STAPLES, Minn. — With representatives from agriculture, construction, education, mining, hospitality, trucking and timber, there was no shortage of concern over the need for workers right now during a gathering Thursday, April 8, in central Minnesota.
The pathways to bring people into these industries came as one of the top focuses of panelists when sharing with 8th District Congressman Pete Stauber and 7th District Congresswoman Michelle Fischbach at Central Lakes College in Staples, Minn. In related concerns, the communities noted the need for housing, child care, broadband and health care for those hired and to expand operations locally.
The range of industries represented show workforce development is an issue that ties them all together, as CLC president Hara Charlier said. With the lack of workers, one business is down 100 employees of their goal, other small businesses are closing early despite having customers at that time and residents are turned away from a care center. These shortages weren’t created by the pandemic, though certainly affected by it. The issue has become prevalent over the last five to 10 years, as panelists said.
“Labor is tough,” said Joe Henry, director of tourism for Lake of the Woods. “Not only is it tough to attract employees, it’s also difficult because a lot of these small businesses, resorts, hotels and restaurants, they don’t offer full benefits, they don’t offer sign-on bonuses, they’re small businesses.”
Arvig director of sales and business David Schornack noted the need for construction workers as more and more broadband is being added.
Industry leaders said they need help, but they also have ideas and partnerships ready for the workforce programs to develop. Jason George, business manager of the International Union of Operating Engineers Local 49, shared about a program already in place where people are finishing training with equipment they know how to work rather than debt.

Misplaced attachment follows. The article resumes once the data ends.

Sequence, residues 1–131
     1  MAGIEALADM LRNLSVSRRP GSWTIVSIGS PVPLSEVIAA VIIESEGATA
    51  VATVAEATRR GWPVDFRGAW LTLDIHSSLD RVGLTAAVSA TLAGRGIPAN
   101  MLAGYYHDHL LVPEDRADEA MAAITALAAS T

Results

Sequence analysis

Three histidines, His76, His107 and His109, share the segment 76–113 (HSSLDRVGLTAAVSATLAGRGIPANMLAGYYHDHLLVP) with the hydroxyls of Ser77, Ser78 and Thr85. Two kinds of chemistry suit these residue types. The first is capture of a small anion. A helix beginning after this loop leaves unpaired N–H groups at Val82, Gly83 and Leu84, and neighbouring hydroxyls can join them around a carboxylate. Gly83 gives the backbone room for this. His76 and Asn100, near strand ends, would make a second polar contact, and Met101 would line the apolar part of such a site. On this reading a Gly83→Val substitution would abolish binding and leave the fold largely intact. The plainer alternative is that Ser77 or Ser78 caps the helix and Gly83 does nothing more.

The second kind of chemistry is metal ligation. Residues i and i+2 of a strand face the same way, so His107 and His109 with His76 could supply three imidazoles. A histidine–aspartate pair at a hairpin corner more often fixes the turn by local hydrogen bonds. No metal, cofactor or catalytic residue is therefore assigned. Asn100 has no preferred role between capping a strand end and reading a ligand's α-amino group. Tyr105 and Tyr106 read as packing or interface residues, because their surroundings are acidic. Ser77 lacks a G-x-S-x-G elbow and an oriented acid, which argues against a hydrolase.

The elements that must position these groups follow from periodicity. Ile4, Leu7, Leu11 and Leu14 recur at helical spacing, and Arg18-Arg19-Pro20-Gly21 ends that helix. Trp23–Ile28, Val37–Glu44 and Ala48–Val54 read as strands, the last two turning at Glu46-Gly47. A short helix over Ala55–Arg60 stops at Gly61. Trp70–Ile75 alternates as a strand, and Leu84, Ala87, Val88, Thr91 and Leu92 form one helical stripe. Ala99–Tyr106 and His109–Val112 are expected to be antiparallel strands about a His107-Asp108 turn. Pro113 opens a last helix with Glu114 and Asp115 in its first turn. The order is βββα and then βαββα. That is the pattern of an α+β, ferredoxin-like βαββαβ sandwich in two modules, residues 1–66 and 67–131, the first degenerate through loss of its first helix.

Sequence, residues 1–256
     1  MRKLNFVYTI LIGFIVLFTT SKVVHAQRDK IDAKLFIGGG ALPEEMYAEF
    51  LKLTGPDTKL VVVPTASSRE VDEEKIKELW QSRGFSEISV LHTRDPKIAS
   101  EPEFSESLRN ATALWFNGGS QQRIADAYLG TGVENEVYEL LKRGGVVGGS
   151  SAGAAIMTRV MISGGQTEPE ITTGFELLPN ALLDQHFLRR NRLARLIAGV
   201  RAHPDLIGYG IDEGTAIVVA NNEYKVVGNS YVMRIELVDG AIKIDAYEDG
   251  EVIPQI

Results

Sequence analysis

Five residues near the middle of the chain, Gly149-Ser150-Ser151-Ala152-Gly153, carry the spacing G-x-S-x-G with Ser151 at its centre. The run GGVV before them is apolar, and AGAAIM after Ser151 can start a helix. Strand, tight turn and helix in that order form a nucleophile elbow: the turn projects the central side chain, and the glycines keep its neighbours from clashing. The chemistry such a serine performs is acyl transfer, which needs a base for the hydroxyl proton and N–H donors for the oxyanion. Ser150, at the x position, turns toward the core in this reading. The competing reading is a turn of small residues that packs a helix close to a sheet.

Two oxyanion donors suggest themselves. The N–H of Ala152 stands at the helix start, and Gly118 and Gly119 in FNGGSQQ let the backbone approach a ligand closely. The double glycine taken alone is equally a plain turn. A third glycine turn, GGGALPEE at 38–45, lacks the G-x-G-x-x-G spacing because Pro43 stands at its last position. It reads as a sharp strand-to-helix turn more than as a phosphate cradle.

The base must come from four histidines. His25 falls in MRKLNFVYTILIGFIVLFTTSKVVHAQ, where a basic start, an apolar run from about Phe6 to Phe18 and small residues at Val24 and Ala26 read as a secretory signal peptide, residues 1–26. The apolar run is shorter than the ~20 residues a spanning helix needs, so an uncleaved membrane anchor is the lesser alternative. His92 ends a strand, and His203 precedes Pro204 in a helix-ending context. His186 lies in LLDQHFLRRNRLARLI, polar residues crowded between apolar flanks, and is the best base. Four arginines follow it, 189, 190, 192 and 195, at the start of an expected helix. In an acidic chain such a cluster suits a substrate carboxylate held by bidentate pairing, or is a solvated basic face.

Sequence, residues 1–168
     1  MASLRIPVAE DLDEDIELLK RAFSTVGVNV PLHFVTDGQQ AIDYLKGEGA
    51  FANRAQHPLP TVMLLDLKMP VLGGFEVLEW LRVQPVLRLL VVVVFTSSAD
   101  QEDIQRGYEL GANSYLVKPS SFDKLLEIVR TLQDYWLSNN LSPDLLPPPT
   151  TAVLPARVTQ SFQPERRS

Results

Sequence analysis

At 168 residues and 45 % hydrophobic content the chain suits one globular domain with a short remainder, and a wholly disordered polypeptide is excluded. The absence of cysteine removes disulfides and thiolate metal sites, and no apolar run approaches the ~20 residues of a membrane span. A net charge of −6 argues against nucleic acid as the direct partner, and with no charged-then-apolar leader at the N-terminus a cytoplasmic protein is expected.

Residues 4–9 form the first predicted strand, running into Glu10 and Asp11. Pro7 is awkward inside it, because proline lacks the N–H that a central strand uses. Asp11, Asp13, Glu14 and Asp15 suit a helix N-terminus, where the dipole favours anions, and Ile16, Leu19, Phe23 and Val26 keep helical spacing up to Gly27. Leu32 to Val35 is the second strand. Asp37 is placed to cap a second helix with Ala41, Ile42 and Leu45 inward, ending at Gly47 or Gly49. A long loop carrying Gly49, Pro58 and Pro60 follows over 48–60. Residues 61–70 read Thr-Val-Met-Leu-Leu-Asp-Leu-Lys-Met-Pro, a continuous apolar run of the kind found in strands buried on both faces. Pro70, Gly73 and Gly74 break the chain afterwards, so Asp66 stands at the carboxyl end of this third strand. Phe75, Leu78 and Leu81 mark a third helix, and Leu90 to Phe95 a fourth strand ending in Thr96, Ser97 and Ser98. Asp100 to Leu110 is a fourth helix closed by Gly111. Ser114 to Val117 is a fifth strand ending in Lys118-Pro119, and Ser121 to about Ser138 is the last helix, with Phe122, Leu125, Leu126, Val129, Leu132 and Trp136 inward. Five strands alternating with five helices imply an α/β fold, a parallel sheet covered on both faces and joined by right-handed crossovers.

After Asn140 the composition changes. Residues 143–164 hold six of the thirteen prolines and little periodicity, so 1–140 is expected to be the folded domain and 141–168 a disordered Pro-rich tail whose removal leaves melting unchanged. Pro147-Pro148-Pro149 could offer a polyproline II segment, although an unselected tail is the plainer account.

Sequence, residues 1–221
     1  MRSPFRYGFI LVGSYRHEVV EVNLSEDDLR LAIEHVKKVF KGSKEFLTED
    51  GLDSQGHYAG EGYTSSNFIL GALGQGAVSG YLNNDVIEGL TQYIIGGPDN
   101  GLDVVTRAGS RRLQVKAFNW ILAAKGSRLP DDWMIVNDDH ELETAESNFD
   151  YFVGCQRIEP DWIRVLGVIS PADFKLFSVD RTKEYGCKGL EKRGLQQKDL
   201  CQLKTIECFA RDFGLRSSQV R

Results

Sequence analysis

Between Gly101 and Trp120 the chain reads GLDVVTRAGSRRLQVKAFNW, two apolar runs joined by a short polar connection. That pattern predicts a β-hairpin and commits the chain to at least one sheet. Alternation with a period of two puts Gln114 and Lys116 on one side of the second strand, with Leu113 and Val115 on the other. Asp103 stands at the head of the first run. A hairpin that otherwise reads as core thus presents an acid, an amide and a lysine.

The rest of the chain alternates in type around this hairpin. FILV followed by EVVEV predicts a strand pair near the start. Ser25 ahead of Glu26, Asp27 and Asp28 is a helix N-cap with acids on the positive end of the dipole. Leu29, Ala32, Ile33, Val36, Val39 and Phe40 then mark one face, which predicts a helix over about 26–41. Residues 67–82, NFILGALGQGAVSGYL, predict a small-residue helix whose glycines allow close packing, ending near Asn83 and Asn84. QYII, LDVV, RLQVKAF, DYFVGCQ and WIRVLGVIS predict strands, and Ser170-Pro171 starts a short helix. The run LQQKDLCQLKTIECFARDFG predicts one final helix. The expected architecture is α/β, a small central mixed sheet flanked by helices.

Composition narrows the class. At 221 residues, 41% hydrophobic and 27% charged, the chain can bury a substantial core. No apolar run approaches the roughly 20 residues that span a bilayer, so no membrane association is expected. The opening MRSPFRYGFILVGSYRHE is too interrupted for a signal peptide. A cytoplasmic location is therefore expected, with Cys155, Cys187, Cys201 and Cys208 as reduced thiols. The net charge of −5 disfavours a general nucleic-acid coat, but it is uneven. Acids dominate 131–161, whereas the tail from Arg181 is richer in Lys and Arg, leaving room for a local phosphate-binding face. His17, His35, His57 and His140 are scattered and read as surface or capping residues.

The large number of job openings points to a broken system, as Dave Hengel, executive director of Greater Bemidji Inc., said. While the gaps are at multiple levels, panelists reminded Stauber and Fischbach that how these jobs are portrayed and discussed is important, and as the federal government sets the incentives and metrics then the systems will adjust, Hengel said.
Students, parents, grandparents and schools need expanded understandings of these opportunities, too, such as earning a wage and a skill in a profession the student might love without going to a four-year college.
“They’re (two-year colleges) so important to rural life and making sure that we are able to have the strong local communities that we all want,” Fischbach said.
Schornack is also part of an initiative called Grow Perham, which has added apartments in Perham, Minn., over the past half-decade. The goal is to bring people to the area, and bring their commitment to the local community. Otter Tail County also formed the Community Development Agency to continue building relationships for support in child care, housing and broadband about two and half years ago.
“If we don’t solve these issues, the people that are interested in coming, if they’re interested in expanding, are going to go outside the state,” Schornack said. “Now this isn’t just a regional problem, this is going to become, I think, a statewide problem.”
The focus on housing also has to include senior residents, who might not have options of living another place. By providing these options, workers could live in older homes that would be more affordable rather than always the expensive new construction.
As employers are working with local school districts to invigorate students about staying local and the options beyond a four-year college, the school systems also need to catch up, as panelists remarked.
The requirements at the school level, like chemistry, physics and Algebra II, also make it difficult for schools to offer more vocational training for students, as Staples-Motley Superintendent Shane Tappe said. The school was able to extend their career and technical education program another year with a hired teacher. Programs like these should be increasing school districts federal funding rather than worrying if they will lose money based off of certain programs classifying students outside of their district, as George said.
The industries also must gain interest from the next generation for these professions. Stauber sought to promote jobs, even those considered stepping stones, as vital to the economies of this region.
“I think it’s important that … we recognize the dignity of the job,” Stauber said. “Whatever job we have, and we need them, do it the best and we honor that work. We honor that work because before we can have a better job, you have to have a job. If you want to be a garbage hauler, be the best garbage hauler in the area.”